“The elderly people continued to increase their cognitive abilities even one year after the end of the intervention,” the researchers report. “The present study found significant improvements up to one year after the end of the learning intervention.” The results indicate “that a multi-skilled learning intervention has the potential to induce lasting cognitive improvements in older adults.”


A caveat is that both studies were small: six people in one, 27 in another. Another is that the participant groups were not ethnically diverse. We will have to see if other larger studies replicate the results.

But studies suggest that enrolling in programs at your local adult education center won’t just teach you Spanish, oil painting or Thai cooking and get you out of the house. They also rejuvenate your brain in the long run.

Meanwhile, there was other hopeful news about dementia. Scientists have long known that people who eventually develop Alzheimer’s disease or other forms of dementia are more likely to have sleep problems in the years before the onset of the disease. The link is not fully known: does disturbed sleep cause the brain to break down, or vice versa?

But researchers at Washington University School of Medicine in St. Louis have made a small but potentially huge discovery.

An already available sleeping pill might help.

A small number of patients who have taken the Suvorexant pill, which is manufactured by Merck


and marketed under the brand name Belsomra, saw marked and immediate reductions in the two main biological markers of Alzheimer’s disease.

These markers are the “beta-amyloid” and “tau” proteins that appear in the brains of people with dementia.

The research involved 38 people between the ages of 45 and 65. Some received a higher dose of 20 milligrams of sleep aid before falling asleep. Others received 10 milligrams. Others received a placebo. The researchers then took a lumbar puncture every two hours to analyze their cerebrospinal fluid.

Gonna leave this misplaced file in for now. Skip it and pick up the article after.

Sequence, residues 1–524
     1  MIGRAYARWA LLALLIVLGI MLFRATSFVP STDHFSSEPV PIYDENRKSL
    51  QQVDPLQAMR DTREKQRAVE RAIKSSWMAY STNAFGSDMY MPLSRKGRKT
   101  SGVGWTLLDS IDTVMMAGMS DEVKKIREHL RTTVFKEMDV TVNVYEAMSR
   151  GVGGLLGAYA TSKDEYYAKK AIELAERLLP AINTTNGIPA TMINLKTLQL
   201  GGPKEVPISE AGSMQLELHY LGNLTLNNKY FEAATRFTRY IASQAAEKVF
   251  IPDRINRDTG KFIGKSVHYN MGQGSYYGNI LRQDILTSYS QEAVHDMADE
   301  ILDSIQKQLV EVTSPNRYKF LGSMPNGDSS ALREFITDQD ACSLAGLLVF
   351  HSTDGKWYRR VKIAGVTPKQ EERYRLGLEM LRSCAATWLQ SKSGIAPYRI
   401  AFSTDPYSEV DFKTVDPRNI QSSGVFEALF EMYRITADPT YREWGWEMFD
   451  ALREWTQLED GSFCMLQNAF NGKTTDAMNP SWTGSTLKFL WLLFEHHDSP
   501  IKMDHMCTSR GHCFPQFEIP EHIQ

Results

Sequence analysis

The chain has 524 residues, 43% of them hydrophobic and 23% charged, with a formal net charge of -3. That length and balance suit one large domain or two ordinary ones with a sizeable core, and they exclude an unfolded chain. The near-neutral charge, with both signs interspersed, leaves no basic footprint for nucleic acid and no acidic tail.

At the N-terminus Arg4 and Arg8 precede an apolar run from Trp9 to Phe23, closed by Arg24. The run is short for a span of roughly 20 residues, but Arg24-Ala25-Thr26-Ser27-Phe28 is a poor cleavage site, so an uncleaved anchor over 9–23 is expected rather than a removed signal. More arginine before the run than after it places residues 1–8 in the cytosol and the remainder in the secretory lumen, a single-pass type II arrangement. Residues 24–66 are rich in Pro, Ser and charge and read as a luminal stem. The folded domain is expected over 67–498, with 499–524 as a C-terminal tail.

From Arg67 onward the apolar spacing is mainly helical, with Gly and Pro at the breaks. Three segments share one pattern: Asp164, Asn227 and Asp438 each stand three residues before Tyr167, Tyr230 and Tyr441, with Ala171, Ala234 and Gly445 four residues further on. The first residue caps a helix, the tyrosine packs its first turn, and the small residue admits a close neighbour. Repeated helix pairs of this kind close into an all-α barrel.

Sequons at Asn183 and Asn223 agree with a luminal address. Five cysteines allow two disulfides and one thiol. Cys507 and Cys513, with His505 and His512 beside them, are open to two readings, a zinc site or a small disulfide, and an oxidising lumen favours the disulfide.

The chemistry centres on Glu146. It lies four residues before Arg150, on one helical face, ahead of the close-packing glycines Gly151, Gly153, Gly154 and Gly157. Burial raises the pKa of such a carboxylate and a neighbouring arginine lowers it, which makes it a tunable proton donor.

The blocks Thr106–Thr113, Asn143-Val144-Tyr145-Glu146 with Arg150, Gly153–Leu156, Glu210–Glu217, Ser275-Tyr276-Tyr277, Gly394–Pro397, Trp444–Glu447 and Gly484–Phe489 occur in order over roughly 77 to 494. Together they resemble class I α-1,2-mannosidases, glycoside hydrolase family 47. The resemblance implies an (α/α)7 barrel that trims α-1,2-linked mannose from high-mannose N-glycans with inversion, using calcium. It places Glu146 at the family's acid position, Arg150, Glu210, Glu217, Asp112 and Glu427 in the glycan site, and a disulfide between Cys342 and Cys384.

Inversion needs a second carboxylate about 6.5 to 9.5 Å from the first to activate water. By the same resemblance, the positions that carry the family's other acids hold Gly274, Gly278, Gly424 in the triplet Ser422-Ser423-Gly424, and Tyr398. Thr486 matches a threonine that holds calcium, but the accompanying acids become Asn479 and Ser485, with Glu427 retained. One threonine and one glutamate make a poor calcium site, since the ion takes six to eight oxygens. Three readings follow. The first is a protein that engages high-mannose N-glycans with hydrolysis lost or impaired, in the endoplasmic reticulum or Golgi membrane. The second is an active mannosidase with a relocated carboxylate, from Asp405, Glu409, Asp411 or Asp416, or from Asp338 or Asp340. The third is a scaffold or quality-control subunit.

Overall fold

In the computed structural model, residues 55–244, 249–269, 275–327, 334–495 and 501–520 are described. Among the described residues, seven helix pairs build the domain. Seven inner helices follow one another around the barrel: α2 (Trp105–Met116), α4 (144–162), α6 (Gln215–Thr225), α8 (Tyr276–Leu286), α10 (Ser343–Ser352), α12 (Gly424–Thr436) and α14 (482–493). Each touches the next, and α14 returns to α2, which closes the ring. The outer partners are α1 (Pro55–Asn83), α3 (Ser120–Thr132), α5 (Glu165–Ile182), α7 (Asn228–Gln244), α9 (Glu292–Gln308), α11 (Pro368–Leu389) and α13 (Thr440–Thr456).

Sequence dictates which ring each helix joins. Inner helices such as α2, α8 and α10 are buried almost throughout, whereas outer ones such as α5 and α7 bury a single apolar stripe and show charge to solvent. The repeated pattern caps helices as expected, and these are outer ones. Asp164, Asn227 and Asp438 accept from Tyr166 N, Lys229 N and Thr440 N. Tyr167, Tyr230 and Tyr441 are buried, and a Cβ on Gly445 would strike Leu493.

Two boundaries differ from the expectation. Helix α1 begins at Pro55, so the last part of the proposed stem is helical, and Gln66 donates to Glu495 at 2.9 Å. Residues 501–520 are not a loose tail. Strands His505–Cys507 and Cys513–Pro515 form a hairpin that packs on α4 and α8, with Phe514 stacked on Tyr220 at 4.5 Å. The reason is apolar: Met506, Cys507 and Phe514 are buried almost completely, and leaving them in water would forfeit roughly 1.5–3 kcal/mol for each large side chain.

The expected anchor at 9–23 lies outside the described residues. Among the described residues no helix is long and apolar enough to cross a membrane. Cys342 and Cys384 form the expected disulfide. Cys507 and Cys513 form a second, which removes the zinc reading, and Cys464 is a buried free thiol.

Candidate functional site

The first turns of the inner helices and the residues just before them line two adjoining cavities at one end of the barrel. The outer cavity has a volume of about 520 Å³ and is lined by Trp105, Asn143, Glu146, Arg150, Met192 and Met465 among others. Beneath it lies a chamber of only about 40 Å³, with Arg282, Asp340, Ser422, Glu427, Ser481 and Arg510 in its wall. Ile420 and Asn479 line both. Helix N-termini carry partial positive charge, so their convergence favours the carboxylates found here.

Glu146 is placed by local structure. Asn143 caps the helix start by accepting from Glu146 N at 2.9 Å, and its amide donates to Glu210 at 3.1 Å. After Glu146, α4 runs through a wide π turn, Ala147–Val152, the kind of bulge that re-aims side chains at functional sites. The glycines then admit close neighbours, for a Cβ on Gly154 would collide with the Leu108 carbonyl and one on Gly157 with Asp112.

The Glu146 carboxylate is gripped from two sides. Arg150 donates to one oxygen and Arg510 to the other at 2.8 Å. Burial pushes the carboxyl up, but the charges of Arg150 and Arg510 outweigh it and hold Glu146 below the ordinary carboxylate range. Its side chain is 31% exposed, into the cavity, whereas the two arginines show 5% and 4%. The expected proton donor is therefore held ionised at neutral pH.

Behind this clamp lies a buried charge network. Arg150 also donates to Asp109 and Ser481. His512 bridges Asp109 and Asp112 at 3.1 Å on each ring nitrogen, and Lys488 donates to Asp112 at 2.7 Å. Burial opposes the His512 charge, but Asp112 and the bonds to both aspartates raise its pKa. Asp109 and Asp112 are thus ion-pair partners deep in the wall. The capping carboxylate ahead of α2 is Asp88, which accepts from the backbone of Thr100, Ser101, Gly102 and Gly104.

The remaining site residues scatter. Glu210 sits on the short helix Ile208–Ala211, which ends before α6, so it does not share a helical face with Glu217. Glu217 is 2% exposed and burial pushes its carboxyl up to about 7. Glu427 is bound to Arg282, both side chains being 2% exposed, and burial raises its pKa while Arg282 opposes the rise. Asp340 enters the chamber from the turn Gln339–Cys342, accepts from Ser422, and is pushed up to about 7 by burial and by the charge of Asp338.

“In the cerebrospinal fluid of people who received the high dose of suvorexant, amyloid levels fell by 10% to 20% and levels of a key form of tau known as hyperphosphoryl tau fell by 10% to 15%, compared to people who received a placebo,” report the researchers.They repeated the test a second night, with the same result.

What does it mean? Maybe nothing. Perhaps a huge sum.

“This is a small proof-of-concept study,” warned the study’s lead author, Brendan Lucey, professor of neurology at the University of Washington and director of the center for sleep medicine, in a communicated. “It would be premature for people who fear developing Alzheimer’s disease to interpret this as a reason to start taking suvorexant every night.”

That said, he said these results were “very encouraging. This drug is already available and proven to be safe, and we now have evidence that it affects protein levels that are key to driving Alzheimer’s disease.

There are many potential breakthroughs in Alzheimer’s disease, and so far none of them have come to fruition. There is currently no cure and there is little we can do to slow the disease, let alone stop it. A new drug that can slow progression early on is expensive and not currently covered by health insurance.

But if it turns out that the right sleeping pills can make a difference, that would be huge. Stay tuned.